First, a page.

During the 1993-94 dissemination year, PARITY partners wrote and published a 253-page curriculum book. This book, Secondary Curriculum Focused on Interrelationships in Language Arts, Mathematics and Science, gives step-be-step instructions on how to create classes that enhance academic success among underrepresented groups. Examples show how subject areas combine to increase student interest and involvement. For example, seaside biology classes include mathematics when students use abalone shells to calculate ratios, art from a study of coast birds' coloring, writing and literature when they describe what they have learned, and ecological awareness and history as they learn the commercial importance in the historical diet of Native Americans.

The book was distributed to more than 300 educators at national conventions this year.

A national networking system on partnership development has grown naturally from PARITY presentations at regional, national, and international education conferences.

A series of presentations and discussions on partnership development were made during the year. These presentations discussed the concepts of inclusion, partner site infrastructure, incremental and developmental aspects of cross-institutional collaboration, as well as communication among partners and within the community. Interactive case studies involving audience member participation are an integral part of these partnership development discussions.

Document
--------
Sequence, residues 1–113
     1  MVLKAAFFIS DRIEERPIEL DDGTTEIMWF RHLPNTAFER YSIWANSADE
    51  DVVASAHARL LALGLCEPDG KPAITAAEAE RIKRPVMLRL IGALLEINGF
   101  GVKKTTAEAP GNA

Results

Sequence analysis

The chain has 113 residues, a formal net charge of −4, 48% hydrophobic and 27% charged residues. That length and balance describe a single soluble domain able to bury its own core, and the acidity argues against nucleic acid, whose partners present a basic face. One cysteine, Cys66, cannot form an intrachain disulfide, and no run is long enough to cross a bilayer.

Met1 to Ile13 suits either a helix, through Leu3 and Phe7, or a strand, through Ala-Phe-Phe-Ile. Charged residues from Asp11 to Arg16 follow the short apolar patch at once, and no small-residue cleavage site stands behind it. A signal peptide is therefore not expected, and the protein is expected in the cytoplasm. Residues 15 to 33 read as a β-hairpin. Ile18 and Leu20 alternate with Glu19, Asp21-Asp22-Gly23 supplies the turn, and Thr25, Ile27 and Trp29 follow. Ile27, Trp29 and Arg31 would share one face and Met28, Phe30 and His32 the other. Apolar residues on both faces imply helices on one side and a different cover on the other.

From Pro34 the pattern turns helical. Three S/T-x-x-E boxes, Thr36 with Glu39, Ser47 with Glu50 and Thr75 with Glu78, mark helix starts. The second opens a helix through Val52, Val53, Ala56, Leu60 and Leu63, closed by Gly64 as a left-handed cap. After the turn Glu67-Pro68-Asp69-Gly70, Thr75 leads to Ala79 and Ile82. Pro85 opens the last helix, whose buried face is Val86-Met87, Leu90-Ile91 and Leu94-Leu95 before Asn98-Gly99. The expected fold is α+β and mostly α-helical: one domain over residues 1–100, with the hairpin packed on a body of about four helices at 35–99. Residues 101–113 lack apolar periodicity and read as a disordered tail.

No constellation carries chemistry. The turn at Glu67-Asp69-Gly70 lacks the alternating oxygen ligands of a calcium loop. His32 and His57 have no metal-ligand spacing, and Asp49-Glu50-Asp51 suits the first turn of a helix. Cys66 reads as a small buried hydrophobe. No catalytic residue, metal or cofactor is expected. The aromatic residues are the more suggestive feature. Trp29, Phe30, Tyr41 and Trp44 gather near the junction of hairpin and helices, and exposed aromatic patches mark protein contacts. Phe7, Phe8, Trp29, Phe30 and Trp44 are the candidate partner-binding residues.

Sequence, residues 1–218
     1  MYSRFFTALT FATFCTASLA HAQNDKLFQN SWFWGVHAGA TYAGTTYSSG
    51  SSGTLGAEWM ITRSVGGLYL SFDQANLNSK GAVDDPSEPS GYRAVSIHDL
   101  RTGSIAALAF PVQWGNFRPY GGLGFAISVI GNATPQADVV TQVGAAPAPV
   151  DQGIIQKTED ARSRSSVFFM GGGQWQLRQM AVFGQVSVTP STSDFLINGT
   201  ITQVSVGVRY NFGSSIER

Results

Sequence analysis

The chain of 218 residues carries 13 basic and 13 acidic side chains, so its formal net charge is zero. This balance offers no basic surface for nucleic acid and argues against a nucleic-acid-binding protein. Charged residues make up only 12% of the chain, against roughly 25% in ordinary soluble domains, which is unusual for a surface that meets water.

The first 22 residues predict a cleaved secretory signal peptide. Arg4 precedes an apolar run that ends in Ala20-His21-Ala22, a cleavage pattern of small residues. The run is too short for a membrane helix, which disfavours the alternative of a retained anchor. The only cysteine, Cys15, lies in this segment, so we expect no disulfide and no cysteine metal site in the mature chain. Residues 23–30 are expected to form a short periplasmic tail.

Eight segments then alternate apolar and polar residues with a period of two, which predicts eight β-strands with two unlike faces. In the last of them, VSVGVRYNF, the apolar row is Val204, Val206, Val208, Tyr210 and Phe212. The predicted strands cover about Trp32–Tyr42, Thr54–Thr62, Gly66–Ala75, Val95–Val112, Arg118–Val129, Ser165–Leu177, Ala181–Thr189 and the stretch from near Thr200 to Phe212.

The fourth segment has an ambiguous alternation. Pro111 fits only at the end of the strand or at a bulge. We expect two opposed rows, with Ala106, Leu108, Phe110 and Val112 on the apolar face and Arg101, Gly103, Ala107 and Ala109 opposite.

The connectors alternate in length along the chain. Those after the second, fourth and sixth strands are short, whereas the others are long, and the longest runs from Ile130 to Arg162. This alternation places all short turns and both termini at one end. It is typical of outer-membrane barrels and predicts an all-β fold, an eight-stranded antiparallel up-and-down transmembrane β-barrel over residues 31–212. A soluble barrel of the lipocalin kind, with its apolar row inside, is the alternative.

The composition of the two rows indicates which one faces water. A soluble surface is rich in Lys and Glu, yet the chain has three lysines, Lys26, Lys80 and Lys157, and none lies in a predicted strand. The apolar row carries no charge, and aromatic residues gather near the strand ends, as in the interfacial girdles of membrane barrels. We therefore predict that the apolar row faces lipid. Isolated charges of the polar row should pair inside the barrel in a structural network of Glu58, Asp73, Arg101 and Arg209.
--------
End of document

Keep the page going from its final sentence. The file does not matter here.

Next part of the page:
In February, PARITY materials were on display at the 17th annual state-wide American Indian Conference held in Sacramento. That same month, a presentation, "Project PARITY," was given at the Sharing the Vision Conference, for K-12 and higher education professionals, held in Portland, Oregon.

In March, PARITY's video and project materials were part of the continuously running video display area at the California State University deans of education meeting held at Chancellor Munitz's office in Long Beach.

In April, the video and materials were distributed at the meeting of statewide deans of arts held at Humboldt State University. That same month, PARITY discussed partnership development and specifically the role of community colleges at the State Community College Professionals meeting in San Jose.

Two national presentations took place this year, "Diversity Partnerships: A Global View of Ideas" at the Society of Educators and Scholars Annual Interdisciplinary Conference in Evansville, Indiana, and "Strategies for Enhancing Educational Partnerships" at the Association of Teacher Educators held in Atlanta, Georgia.

In June, PARITY partners presented "Interrelationships Among Disciplines Through Cross-Institutional Partner Teams" at the World CASE Study Association International Conference. More than 100 educators from Southeast Asia, Europe, and Africa as well as North and South America attended.

This year, Humboldt State University nominated PARITY for one of four exemplary awards in partnership development. PARITY received that award at the Association of University Administrator's national conference held in Houston in June.

"In addition to all our dissemination activities, PARITY received funding this year from Aetna Life and Casualty for the 1994 Summer Bridge program for eighth grade students entering at Hoopa High School," said Sheila Webb, associate dean of teacher preparation programs at Humboldt State University and PARITY director.

"Summer Bridge was originally funded by CAPP during PARITY's implementation phase. We are pleased with this business partner support in funding the bridge program this summer, since the school personnel and parents have found that the Summer Bridge results in high retention rates for at-risk students."

 


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Last Updated: January 10, 2005